A diagrid steel exoskeleton gives Fletcher Priest’s block, inspired by IK Brunel whose Paddington station faces it, an imposing and energetic presence
In the valley of dinosaurs that is Paddington Basin, there’s a new predator in town. Standing out from the generic silver-clad, green-glassed offices, whose facades form the dead gorge through which the Grand Union Canal now diminutively angles its way, Derwent London’s Brunel Building seems more purposeful. An eye-catching diagonal steel exoskeleton and shock of orange, it appears on its haunches, ready to spring at Brunel’s 1854 Paddington station, just out of reach on the canal’s southern bank.
Architect Fletcher Priest’s £116 million, 22,600m2 building rises 16 storeys from the canalside. Its dramatic 9m high reception area has a huge rolling glass wall that slides to open out to the new 6m wide towpath – which, for the first time in 200 years, gives the public access from that side of Paddington Basin to Little Venice.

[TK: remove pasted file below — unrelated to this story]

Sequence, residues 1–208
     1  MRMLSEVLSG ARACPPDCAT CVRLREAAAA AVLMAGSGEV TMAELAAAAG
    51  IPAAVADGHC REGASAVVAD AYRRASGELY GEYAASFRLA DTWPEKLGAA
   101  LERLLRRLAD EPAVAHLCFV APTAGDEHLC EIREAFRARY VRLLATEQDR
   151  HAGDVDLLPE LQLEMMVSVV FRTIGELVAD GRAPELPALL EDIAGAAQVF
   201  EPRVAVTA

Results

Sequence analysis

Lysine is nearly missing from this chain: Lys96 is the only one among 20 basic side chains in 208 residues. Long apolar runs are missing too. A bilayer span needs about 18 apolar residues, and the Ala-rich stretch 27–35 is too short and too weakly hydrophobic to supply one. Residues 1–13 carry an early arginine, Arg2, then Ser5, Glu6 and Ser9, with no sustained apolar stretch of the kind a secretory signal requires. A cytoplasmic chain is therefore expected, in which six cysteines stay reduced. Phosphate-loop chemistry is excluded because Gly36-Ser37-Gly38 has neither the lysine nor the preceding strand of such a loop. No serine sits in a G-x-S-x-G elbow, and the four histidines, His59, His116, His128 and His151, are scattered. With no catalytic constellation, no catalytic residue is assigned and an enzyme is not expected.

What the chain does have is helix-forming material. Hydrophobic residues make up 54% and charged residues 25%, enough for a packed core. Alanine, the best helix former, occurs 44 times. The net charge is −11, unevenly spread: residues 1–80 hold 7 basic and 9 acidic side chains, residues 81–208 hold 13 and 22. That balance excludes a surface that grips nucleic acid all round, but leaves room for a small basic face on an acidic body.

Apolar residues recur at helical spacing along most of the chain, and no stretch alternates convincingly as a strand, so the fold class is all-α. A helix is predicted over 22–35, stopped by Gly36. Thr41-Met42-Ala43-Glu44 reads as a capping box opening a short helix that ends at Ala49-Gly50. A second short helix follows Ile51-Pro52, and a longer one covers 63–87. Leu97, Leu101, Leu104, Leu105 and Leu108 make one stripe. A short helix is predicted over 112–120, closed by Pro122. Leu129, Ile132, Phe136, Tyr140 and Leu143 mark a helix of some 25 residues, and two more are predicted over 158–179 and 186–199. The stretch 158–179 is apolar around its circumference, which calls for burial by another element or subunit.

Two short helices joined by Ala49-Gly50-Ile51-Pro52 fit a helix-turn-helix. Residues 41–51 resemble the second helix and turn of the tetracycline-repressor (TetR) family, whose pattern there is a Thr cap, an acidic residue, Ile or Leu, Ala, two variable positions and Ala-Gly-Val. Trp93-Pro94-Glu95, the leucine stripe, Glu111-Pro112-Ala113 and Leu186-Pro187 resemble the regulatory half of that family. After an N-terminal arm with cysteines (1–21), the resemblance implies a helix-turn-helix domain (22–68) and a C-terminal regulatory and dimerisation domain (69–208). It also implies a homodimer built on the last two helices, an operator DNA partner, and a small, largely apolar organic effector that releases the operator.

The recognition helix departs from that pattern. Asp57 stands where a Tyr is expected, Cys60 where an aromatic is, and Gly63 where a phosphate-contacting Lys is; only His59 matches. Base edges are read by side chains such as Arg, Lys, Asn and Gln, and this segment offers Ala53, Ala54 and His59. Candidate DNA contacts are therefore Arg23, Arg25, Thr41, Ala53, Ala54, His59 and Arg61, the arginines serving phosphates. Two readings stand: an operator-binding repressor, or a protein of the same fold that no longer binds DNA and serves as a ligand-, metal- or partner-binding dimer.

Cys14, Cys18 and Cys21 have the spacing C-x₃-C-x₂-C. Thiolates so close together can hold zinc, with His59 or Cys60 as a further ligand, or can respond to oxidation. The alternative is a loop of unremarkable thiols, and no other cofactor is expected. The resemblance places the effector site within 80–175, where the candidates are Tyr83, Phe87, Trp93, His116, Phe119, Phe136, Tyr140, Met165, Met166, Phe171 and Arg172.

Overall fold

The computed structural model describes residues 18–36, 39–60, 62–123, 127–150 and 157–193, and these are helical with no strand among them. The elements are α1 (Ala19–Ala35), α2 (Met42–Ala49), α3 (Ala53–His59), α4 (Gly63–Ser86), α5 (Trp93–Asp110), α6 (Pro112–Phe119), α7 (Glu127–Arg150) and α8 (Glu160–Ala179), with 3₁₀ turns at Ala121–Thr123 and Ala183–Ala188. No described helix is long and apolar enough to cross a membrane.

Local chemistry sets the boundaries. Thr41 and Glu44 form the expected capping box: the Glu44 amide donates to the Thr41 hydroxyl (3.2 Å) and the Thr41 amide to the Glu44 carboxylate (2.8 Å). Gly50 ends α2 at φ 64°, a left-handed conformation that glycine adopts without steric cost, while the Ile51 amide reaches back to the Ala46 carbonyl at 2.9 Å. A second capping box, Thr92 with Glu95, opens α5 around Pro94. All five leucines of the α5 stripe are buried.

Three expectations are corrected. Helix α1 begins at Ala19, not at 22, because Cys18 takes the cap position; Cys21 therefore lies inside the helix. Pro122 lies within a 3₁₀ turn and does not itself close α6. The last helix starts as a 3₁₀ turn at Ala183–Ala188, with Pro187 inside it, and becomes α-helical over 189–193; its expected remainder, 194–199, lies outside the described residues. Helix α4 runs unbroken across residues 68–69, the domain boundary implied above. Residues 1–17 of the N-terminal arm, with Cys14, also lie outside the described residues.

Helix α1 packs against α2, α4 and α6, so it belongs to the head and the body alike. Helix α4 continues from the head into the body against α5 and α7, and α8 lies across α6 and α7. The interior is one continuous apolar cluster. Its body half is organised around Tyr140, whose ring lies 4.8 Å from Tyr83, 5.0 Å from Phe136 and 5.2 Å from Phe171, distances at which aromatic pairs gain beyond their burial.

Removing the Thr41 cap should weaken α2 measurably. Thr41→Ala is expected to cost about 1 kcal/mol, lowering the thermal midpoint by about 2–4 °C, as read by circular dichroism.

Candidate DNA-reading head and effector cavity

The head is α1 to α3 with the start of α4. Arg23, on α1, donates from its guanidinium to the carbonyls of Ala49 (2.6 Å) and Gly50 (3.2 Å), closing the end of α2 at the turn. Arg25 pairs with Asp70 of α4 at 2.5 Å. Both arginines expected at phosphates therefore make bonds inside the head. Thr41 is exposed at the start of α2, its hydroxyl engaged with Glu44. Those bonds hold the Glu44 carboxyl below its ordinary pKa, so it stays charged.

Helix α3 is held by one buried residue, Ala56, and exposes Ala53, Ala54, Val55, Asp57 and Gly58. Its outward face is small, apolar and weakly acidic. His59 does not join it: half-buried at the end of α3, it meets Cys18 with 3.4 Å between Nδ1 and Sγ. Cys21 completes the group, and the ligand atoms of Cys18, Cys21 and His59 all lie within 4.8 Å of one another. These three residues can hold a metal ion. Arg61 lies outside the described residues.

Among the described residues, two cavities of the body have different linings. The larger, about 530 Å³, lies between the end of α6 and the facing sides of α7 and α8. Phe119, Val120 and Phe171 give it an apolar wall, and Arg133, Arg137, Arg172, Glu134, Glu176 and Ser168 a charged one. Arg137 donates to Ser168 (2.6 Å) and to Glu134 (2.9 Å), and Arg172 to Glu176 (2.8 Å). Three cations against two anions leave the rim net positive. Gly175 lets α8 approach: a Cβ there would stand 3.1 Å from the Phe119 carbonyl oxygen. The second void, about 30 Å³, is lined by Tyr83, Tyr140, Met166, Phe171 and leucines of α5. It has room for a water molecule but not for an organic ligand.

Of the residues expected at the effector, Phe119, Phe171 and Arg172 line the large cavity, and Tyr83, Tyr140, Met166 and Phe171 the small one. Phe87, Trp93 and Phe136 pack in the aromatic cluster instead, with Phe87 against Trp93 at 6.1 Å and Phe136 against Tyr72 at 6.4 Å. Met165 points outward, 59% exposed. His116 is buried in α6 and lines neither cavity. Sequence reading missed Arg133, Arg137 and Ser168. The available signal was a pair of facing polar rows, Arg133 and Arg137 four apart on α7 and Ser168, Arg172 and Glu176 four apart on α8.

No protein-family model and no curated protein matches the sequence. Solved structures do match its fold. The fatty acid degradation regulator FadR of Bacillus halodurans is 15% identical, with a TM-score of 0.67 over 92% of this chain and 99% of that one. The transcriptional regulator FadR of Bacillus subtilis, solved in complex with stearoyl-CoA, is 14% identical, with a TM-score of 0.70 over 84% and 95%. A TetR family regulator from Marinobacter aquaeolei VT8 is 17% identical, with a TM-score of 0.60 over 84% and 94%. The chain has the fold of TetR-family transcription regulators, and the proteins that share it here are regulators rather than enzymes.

But it is for its 71m high exoskeleton and stealth bomber-like cladding that the building is most noted. After 11 years of development, either side of the recession, by the architect, engineer and fabricator, construction began in 2016. While the criss-cross pattern on the cladding’s aluminium spandrel panels references the configuration on Bristol’s Clifton Suspension Bridge, it is in the external structure that the Brunel engineering references are writ large.